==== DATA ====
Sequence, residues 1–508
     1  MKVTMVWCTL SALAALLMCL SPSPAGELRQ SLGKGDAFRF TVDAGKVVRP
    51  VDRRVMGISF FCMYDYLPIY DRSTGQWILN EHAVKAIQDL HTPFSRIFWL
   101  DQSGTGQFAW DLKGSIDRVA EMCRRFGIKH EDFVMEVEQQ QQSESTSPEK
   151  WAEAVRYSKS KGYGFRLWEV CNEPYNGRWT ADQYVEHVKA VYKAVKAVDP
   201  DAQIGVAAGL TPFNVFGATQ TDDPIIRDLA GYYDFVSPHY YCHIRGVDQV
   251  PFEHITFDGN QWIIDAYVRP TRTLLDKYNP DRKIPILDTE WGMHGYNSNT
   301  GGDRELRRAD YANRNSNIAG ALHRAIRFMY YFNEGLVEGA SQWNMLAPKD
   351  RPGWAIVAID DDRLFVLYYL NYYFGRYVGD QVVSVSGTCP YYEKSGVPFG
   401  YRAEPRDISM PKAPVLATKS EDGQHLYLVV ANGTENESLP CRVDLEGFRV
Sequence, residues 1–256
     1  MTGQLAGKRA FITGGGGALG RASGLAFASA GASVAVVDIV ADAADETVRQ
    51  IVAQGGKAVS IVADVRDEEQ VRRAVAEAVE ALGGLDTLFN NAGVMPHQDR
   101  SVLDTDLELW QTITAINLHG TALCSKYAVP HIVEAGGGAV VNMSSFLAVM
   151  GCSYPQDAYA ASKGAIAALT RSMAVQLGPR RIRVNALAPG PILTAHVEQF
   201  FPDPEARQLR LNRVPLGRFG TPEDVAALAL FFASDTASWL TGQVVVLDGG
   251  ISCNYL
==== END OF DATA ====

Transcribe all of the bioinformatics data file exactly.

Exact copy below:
Sequence, residues 1–508
     1  MKVTMVWCTL SALAALLMCL SPSPAGELRQ SLGKGDAFRF TVDAGKVVRP
    51  VDRRVMGISF FCMYDYLPIY DRSTGQWILN EHAVKAIQDL HTPFSRIFWL
   101  DQSGTGQFAW DLKGSIDRVA EMCRRFGIKH EDFVMEVEQQ QQSESTSPEK
   151  WAEAVRYSKS KGYGFRLWEV CNEPYNGRWT ADQYVEHVKA VYKAVKAVDP
   201  DAQIGVAAGL TPFNVFGATQ TDDPIIRDLA GYYDFVSPHY YCHIRGVDQV
   251  PFEHITFDGN QWIIDAYVRP TRTLLDKYNP DRKIPILDTE WGMHGYNSNT
   301  GGDRELRRAD YANRNSNIAG ALHRAIRFMY YFNEGLVEGA SQWNMLAPKD
   351  RPGWAIVAID DDRLFVLYYL NYYFGRYVGD QVVSVSGTCP YYEKSGVPFG
   401  YRAEPRDISM PKAPVLATKS EDGQHLYLVV ANGTENESLP CRVDLEGFRV
Sequence, residues 1–256
     1  MTGQLAGKRA FITGGGGALG RASGLAFASA GASVAVVDIV ADAADETVRQ
    51  IVAQGGKAVS IVADVRDEEQ VRRAVAEAVE ALGGLDTLFN NAGVMPHQDR
   101  SVLDTDLELW QTITAINLHG TALCSKYAVP HIVEAGGGAV VNMSSFLAVM
   151  GCSYPQDAYA ASKGAIAALT RSMAVQLGPR RIRVNALAPG PILTAHVEQF
   201  FPDPEARQLR LNRVPLGRFG TPEDVAALAL FFASDTASWL TGQVVVLDGG
   251  ISCNYL